Steelhead and Salmon fishing guides - Kitimat, British Columbia
Steelhead and Salmon fishing guides - Kitimat, British Columbia

 

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Freshwater

Saltwater


The Fly Shop

Kitimat Kombo

Two years ago, I was having good success using spey type flies on the Kitimat, favoring one called a Popsicle and I was fishing with a friend who was using a rubber worm. We were both doing equally well, but we seldom caught fish in the same run. It seemed like I was picking up all my fish in slower moving runs and in the faster moving water, Manny's worm reigned supreme. At the end of the day, Manny made the comment, "What a guy needs is a fly like yours with a rubber worm on it" .and the Kitimat Kombo was born.

Hook.size 1/0 streamer

Tail.pink rabbit strip (think worm here)

Body.flat silver tinsel

Underwing.soft pink saddle hackle

Wing.purple over red over pink marabou.tie in a few strands of silver flashabou after the first course of marabou.

Head.glass or tungsten bead (glass is much cheaper and works just as good. You can add a couple of wraps of lead if you want a little more weight, or you can dispense with the bead altogether if you wish. I like the finish it gives the fly and I think it helps the fly move better through the water, akin to a Clauser's minnow.)

-After the hook barb has been filed smooth, slide the bead head over the hook bend and place it next to the eye

-Tie in a piece of pink rabbit strip at least twice the length of the hook shank. (tying tip.cup the skin down, against the top of the hook as the rabbit strip is tied into place. This makes for a much neater, tighter body section near the tail, helps the tail stay straight and prevents tangling with the hook point)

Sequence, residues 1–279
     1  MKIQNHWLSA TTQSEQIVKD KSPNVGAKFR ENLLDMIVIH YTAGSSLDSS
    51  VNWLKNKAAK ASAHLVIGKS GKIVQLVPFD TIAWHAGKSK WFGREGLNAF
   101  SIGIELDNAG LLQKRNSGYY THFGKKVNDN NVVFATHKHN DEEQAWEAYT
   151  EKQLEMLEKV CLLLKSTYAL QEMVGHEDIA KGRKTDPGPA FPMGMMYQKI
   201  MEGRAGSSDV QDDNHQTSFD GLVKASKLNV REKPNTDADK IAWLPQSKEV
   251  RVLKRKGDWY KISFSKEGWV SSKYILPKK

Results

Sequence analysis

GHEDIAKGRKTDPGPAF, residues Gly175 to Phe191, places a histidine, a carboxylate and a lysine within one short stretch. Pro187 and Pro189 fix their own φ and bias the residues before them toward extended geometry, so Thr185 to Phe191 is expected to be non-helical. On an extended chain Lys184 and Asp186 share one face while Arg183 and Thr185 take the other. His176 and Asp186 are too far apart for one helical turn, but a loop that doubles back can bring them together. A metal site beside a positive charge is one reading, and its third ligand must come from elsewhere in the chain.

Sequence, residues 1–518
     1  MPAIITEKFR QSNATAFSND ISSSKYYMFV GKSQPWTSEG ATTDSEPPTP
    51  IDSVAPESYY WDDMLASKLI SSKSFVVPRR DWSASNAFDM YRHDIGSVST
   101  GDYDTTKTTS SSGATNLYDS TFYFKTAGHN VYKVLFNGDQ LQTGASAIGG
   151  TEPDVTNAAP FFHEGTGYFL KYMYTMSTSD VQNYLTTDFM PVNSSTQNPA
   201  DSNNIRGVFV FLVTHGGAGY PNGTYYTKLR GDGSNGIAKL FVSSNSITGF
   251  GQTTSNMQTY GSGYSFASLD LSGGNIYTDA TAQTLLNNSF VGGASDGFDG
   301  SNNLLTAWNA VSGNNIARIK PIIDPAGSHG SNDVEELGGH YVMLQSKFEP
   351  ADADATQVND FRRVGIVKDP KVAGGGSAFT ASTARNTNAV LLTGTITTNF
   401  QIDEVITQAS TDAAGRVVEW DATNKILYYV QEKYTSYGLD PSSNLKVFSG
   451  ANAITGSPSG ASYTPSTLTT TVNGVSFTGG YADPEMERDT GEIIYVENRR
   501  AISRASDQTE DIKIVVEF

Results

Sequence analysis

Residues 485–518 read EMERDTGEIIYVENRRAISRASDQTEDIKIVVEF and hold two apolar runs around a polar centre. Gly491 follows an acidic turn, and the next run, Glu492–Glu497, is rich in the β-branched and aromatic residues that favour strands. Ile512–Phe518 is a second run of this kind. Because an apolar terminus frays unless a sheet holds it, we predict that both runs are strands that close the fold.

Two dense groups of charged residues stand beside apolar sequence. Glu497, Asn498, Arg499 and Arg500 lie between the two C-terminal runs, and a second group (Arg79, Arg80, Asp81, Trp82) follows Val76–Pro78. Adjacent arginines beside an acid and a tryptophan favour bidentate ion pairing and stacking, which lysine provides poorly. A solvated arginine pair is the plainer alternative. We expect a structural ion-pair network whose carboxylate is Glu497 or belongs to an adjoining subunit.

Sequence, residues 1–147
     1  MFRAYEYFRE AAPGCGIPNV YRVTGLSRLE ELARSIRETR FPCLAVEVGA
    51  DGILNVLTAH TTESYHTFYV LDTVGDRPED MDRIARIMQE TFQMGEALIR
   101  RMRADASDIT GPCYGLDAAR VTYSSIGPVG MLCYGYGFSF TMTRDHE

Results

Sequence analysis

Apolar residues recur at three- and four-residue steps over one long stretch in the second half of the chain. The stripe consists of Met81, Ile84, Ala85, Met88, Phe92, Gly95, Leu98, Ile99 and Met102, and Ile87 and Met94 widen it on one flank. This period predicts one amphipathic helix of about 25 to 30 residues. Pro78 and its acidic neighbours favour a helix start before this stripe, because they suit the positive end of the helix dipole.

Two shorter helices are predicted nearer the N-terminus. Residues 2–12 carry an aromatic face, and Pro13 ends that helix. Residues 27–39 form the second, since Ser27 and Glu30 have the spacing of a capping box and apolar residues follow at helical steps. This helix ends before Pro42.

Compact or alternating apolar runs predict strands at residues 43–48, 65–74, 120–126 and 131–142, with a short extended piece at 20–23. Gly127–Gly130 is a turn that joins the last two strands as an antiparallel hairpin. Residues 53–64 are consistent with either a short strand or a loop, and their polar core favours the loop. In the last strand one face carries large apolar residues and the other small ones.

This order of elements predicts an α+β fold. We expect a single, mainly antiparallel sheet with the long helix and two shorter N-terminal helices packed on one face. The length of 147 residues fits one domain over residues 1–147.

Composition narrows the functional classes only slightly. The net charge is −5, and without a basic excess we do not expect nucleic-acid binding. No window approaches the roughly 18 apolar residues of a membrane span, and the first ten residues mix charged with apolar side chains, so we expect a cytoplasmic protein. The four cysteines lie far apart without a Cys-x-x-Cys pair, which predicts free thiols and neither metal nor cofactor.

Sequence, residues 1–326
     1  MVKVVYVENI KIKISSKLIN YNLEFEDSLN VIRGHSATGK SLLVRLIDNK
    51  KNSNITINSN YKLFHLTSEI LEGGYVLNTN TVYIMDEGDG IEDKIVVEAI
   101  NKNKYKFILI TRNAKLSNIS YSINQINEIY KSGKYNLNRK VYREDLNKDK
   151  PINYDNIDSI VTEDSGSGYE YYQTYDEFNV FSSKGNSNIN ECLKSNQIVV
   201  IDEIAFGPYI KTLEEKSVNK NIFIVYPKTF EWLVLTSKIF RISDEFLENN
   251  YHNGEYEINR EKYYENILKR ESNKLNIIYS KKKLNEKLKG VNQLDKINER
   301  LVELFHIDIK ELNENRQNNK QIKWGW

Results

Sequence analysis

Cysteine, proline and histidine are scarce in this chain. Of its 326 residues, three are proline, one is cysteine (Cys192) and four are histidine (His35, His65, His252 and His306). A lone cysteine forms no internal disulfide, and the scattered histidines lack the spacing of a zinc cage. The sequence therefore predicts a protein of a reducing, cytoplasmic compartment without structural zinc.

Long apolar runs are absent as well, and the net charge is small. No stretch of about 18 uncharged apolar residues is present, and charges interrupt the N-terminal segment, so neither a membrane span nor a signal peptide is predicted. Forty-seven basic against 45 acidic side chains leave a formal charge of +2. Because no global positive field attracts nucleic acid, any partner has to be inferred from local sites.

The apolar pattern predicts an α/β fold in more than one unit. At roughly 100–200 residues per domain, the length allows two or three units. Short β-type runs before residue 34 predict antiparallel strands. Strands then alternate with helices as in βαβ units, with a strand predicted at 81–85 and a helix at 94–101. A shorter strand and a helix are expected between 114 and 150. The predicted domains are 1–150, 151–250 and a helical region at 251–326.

-Wrap a tinsel body to cover the bottom two thirds of the hook shank.leave at least three eighths of an inch room behind the eye to tie in all the wings. I add a fine wire rib for durability, as steelhead tend to tear the fly up pretty good on a strike and I can usually get a fly to last for two or three fish before it has to be retired to the recycle bin.

-Tie in the pink saddle hackle, aiming all the barbules toward the hook point.

-Tie in a clump of pink marabou (tying tip.tie in the extreme tip of the feather first. It makes it easier when wrapping the marabou strands) and wrap, spey fashion - toward the eye of the hook. Be careful to not overlap turns of the marabou and pull the individual strands back toward the hook point with the fingers of your free hand with each wrap of the feather.

-Tie in a few strands of silver flashabou.the ends should extend a little shorter than the marabou strands.

-Tie in a clump of red marabou and wrap as per the pink. Brush the marabou tendrils back with each wrap.

-Tie in a clump of purple marabou and wrap it tight to the back side of the bead head, ensuring the bead is locked rigidly in place. If you come up a little short, don't overdress with marabou - just shove the bead tight to the marabou and tie in a conventional eye between the bead and the eye of the hook.

-Whip finish and glue with head cement.

The finished fly looks quite a bit like something the cat coughed up, but once it is in the water, it swims well and works like magic. Make sure you hang on tight!